Past and present Mentors collapse timeframes

A while back I had attended a National Post sponsored event at the Ted Rogers School of Management, a section of Ryerson University. It was titled ‘The Annual CEO Outlook Conference’ carrying a theme that certainly struck a chord with me: ‘Engaging India: Doing Business with a Rising Giant’. The event showcased Indian born, now Canadian CEOs.

While it may take a while to regurgitate and discuss their opinions on doing business with Indian counter parts, I am instead going to talk about their hard-as-steel yet malleable business mindsets. Over the course of their introductions, Mentors shine a light ahead of youbrief speeches, and question and answer periods, I was paying close attention to how they looked at the recent economic downturn and what mental tools they used to overcome relevant issues in their minds before setting the gears into motion.

I strongly believe that to be a successful business person in this day and age, one needs to collapse their timeframes. One way to do this is to understand the mindset of current business leaders – realize that they arrived at this juncture after going through many of the trials and tribulations that you may look forward to. The ‘So What?’ to you is that if you can leverage their experience, and begin thinking like they do right now, you stand to benefit dramatically when it’s your turn to cross those bridges.

These guys and gals have set precedents, in mind or in action, so just do like they do. No need to re-create the wheel. Earlier in the year, one of my mentors told me, “You want the long way, or the short way?” It’s a no-brainer on the choice I made, “Short way”. The response, “Look for who is doing what you want to do, and work with them. Why build a staircase when you can use the escalator beside you?” I trust this mentor because he is at a point where I want to be in 5 years, and has accomplished everything that I had planned to do in my particular business.

Enough with the background. First thing is first: considering the source. Prem Watsa, Chairman and CEO of Fairfax Financial Holdings since its inception in 1985 said you should always “trust, but verify” where you’re getting your information from. Considering his vantage point from the top of a company, which through its subsidiaries, is engaged in insurance, reinsurance, and investment management, it’s evident why he came to this conclusion. He said there is a lot of misinformation out there because today the world is in an information age. News exchanges hands and is spread before you get to catch the person who took a picture of you in the change room. And the individuals, groups, or corporations that control this information and its dissemination need to be evaluated to ensure you’re getting a healthy dose of correct information. Prem pointed out how even though a piece of information is repeated all day on certain news stations, it doesn’t make it true.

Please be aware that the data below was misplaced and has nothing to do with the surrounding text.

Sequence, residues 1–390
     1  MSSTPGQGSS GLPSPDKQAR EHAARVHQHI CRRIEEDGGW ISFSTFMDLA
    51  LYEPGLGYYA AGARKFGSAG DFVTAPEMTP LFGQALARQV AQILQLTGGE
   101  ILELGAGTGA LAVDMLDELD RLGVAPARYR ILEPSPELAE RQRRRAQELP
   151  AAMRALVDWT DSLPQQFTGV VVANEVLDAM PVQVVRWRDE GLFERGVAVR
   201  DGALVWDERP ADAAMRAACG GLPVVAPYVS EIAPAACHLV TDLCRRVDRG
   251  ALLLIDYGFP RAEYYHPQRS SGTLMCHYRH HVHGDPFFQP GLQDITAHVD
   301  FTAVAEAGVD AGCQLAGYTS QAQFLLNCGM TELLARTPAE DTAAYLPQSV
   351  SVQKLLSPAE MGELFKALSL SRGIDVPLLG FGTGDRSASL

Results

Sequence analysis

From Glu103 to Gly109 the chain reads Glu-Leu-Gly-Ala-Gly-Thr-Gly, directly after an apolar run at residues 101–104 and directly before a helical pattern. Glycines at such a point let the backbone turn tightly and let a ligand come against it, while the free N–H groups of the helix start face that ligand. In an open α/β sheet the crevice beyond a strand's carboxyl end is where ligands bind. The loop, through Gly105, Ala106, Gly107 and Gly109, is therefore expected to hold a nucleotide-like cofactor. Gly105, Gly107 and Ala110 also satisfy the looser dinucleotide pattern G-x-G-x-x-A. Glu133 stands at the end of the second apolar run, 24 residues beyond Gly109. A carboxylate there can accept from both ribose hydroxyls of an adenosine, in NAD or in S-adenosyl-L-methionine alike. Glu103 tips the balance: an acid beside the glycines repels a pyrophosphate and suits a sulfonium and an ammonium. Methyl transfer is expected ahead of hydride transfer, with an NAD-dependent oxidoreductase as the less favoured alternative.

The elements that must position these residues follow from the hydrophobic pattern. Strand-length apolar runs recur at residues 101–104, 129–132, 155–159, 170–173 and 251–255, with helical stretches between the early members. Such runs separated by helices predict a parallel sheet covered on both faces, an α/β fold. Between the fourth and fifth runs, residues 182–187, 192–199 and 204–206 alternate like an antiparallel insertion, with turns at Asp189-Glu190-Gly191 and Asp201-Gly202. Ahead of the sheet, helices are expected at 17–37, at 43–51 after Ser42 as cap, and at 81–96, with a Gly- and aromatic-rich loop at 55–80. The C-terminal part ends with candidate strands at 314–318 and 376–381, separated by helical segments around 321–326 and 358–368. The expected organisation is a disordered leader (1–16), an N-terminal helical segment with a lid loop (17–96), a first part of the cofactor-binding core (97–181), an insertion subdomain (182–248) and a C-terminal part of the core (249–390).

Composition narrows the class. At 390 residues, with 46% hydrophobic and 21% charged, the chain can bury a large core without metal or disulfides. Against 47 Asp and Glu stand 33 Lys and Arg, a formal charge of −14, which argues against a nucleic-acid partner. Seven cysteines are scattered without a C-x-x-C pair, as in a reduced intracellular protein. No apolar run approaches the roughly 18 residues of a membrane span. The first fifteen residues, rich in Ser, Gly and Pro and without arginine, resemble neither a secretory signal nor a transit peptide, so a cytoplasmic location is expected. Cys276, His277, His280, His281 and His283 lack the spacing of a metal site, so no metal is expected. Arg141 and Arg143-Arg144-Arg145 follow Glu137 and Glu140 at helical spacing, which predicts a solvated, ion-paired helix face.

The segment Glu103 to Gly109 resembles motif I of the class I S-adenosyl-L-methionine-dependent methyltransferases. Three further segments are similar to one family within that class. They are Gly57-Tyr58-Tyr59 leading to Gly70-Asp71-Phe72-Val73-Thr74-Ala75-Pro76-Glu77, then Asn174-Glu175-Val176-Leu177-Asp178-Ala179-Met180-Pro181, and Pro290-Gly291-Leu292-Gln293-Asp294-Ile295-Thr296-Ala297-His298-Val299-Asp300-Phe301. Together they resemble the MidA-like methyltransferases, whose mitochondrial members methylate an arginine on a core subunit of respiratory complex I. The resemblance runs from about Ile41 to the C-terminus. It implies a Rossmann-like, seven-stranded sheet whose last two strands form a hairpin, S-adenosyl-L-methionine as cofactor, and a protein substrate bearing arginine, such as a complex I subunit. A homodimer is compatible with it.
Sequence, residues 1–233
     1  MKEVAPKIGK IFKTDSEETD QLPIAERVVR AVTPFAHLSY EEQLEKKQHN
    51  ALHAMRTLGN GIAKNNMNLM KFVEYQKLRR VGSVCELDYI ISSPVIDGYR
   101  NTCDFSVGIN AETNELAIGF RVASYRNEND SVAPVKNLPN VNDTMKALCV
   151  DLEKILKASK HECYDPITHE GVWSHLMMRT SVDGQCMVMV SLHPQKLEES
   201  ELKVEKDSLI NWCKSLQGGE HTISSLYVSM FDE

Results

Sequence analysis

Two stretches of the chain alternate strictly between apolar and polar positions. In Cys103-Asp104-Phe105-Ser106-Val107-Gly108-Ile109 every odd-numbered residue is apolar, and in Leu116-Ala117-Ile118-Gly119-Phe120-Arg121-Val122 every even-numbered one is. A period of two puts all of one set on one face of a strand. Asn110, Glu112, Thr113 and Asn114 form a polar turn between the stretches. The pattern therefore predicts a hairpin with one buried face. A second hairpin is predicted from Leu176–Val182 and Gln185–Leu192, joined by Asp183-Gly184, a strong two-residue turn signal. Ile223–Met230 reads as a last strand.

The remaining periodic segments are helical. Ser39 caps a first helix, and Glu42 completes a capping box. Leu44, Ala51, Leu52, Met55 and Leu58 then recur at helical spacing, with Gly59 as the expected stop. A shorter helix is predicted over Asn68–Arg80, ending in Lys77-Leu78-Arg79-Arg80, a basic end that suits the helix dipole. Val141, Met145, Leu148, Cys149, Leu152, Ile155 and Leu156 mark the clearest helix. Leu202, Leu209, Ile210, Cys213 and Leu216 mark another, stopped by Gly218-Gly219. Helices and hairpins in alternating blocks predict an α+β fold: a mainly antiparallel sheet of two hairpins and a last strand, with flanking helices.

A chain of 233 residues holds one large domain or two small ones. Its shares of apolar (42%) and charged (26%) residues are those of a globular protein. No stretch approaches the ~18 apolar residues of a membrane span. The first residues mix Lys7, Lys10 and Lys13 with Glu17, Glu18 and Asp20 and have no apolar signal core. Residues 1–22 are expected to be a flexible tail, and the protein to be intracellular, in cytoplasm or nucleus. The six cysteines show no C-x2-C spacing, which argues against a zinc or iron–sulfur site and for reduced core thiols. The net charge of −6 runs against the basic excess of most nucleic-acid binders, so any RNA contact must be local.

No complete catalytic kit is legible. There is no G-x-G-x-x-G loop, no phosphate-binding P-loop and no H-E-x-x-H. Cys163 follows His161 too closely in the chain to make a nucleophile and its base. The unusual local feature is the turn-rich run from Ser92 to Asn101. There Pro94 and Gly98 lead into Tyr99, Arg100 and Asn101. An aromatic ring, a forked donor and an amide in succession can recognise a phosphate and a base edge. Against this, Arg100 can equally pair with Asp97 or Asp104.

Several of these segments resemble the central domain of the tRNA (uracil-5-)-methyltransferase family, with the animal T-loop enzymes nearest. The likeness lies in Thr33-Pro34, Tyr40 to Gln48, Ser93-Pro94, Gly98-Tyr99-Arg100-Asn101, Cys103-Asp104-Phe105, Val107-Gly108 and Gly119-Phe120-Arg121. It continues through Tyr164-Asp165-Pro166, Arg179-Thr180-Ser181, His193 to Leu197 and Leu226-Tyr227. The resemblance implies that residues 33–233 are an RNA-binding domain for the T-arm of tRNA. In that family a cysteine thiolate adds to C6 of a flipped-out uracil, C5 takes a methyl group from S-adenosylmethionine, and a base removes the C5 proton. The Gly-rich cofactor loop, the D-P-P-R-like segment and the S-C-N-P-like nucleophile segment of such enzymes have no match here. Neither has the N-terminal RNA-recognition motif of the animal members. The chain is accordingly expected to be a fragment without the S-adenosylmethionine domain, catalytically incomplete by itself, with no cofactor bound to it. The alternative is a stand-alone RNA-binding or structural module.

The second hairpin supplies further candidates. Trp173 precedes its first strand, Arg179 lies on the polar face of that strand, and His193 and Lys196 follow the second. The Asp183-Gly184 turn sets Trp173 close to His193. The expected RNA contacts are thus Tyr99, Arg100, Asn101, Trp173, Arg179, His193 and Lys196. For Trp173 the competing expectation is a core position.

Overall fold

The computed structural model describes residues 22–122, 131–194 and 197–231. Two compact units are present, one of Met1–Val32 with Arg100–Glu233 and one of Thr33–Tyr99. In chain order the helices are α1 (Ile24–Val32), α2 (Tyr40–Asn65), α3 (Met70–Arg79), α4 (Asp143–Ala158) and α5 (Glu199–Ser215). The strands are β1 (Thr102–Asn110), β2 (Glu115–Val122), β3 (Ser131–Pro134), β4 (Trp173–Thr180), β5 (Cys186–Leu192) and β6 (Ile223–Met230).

Like my previous blog post, who benefits from the information you’ve just received and instantly decided to act upon? Take a moment to consider: we have arrived upon a certain point in North American society where there is a tremendous amount of information available. So much so that it is impossible to parse it all, let alone verify the information. Ladies, gentlemen, friends, my fellow human beings, verification is important!! People are so eager to get and talk about the next bit of information before the previous piece of information has been dealt with. You may be the recipient of targeted advertising, social marketing, peer pressure, social proof pressure (i.e. this product has been purchased by 59 billion happy customers so act now!!), etc, and not all the information coming your way is true. I’ve found that people stop asking “why?” and instead just accept things as fact.

Prem Watsa also talked about being in business for the long term, not for the short term, and an organization’s goals Business goals take time and constant effortneed to reflect that. Furthermore he disagreed (and I agree with his stance) with the actions that world governments are taking to ‘stimulate’ the economy (“quantitative easing” aka BS). In his view, as a large investment money manager, he sees this as prolonging and spreading the larger and true recession. The very nature of a recession is to flush out sickly corporations, however governments are propping them up. While this may be a short term solution, in the long term it results in stagnation.

Next time, what to do when the economy slows down from master hotelier Steve Gupta.

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